Financial: Liberty Media announce their latest financial report

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The cancellation of the Emilia Romagna Grand Prix meant that the sport has recorded a minus sign in the revenue and earnings columns in the second quarter of 2023 according to the financial statements published by Liberty Media.

After the sport completed the first 12 races of the 2023 F1 season, Formula One’s Commercial Rights Holder Liberty Media have revealed their financial report on the second quarter of the 2023 season.

This period saw F1 achieve encouraging commercial results on various fronts. The second quarter of the 2023 season saw Formula One announce a 24-race calendar for 2024 with increased geographic efficiency in support of F1’s sustainability objectives.

Moreover, this three-month period saw F1 extend the contracts of the Austrian and the Hungarian Grands Prix. The Red Bull Ring will stage F1 races until at least 2030 while the Hungaroring will host the pinnacle of motorsport until at least 2032.

The sport has also announced the contract extension of Heineken with the Dutch brewing company set to continue to serve as Formula One’s Global Partner in the coming years.

Formula One races continue to be run as sellout events with tickets being sold over the stretch of a few days. Commenting on Formula One’s popularity, Greg Maffei, Liberty Media President and CEO said: “At Formula 1, the quality of the fan experience at Grand Prix weekends continues to improve and is helping drive sellout crowds at many races.”

The result of the cancellation of the Emilia Romagna Grand Prix

The original calendar for the 2023 F1 season comprised of 23 races, but the cancellation of the Emilia Romagna Grand Prix has meant that the championship is being contested over 22 events. The cancellation of the Imola race that was called off due to local flooding had a negative impact on Formula 1’s financial numbers for the second quarter of 2023.

There were six races held in the second quarter of 2023, compared to seven races held in the second quarter of 2022.

Primary F1 revenue represents the majority of F1’s revenue and is derived from race promotion revenue, media rights fees and sponsorship fees. Due to the cancellation of the Imola F1 round, F1’s revenue for the second quarter of 2023 dropped from $744m in 2022 to $724m.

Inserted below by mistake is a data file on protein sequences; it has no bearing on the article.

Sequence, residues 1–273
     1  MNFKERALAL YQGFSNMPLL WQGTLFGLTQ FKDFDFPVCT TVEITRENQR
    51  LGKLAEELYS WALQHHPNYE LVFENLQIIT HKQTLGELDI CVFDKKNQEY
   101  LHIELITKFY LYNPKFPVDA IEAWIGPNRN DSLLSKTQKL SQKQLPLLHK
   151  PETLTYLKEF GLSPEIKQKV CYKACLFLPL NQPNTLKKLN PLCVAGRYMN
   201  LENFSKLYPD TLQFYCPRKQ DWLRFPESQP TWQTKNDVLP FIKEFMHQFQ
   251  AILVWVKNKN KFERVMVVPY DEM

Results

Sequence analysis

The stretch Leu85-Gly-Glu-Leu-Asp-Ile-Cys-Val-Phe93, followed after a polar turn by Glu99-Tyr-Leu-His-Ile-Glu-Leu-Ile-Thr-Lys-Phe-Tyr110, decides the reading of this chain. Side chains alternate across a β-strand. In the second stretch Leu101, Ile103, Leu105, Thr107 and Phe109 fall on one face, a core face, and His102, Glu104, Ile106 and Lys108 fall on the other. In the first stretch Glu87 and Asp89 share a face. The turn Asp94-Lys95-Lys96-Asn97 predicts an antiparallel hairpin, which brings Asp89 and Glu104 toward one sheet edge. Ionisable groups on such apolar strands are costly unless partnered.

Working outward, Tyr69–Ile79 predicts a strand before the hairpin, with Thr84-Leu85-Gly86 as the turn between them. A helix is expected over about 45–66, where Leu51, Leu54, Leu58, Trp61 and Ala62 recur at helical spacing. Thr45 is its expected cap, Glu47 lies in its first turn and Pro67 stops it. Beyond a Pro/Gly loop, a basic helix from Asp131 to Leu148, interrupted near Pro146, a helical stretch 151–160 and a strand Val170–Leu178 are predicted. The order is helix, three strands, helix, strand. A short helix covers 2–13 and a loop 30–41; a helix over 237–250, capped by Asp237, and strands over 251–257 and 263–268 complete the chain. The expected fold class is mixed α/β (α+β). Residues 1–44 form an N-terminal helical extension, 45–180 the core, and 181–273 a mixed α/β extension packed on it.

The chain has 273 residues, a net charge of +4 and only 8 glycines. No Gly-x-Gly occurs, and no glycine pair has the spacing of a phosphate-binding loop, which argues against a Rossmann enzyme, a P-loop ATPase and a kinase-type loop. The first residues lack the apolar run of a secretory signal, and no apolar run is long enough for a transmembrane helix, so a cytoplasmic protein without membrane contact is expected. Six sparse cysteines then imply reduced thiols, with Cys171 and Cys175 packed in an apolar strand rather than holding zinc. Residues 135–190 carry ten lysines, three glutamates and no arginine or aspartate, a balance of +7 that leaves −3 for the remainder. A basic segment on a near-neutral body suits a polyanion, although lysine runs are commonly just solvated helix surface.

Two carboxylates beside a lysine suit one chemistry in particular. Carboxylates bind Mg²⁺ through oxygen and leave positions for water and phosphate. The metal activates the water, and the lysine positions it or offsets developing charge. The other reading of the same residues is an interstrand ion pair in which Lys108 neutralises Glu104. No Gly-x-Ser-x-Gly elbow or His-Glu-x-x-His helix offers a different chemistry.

A statement from Liberty Media read: “Primary F1 revenue decreased in the second quarter with growth across race promotion and sponsorship offset by a decline in media rights revenue. Despite one less race held in the current period, race promotion revenue grew due to contractual increases in fees and sponsorship revenue increased due to recognition of revenue from new sponsors and growth in revenue from existing sponsors.

“Media rights revenue decreased due to the impact of lower proportionate recognition of season-based income (6/22 races took place took place in the second quarter of 2023 compared to 7/22 in the second quarter of 2022), partially offset by continued growth in F1 TV subscription revenue and increased fees under new and renewed contractual agreements.

"Other F1 revenue decreased in the second quarter primarily due to lower freight income driven by the easing of freight cost inflation on billing rates and lower hospitality revenue due to one less race held in the current period, partially offset by increased licensing income and higher revenue related to Formula 2 / Formula 3 car chassis sales.

The cancellation of the Imola race had a negative impact on the teams as well as they have received lower payments compared to the prior year due to the pro rata recognition of payments across the race season with one less race held. However, it is expected that teams will receive an increased payment for the full year.

The statement continued: "Other cost of F1 revenue is largely variable in nature and is mostly derived from servicing both Primary and Other F1 revenue opportunities. These costs increased as significantly lower freight costs were offset by increased hospitality costs associated with servicing higher Paddock Club attendance and cost inflation and higher commissions and partner servicing costs associated with growth in Primary F1 revenue streams.

"Other cost of F1 revenue in the current period also includes hospitality, travel and other costs related to the Imola event that had largely been incurred prior to the event’s late cancellation. Selling, general and administrative expense decreased in the second quarter due to lower personnel and legal costs and foreign exchange favorability, partially offset by higher marketing, property and IT costs.

The current season is set to include one new event with the Las Vegas Grand Prix making its return to the calendar. Formula One previously raced in Las Vegas in the early 1980s on a temporary track next to the Caesars Palace hotel, but the famous venue will host its third F1 race on an all-new circuit which will include the famous Strip.

The construction of the circuit, buildings and the promotion of the event have already generated huge costs. Liberty purchased a site on which to build a permanent pit and paddock infrastructure, and roads associated with the track needed to be resurfaced to enable F1 cars to run in the heart of the city.

“There were $7 million of costs associated with the planning of the Las Vegas Grand Prix included in selling, general and administrative expense in the second quarter of 2023.”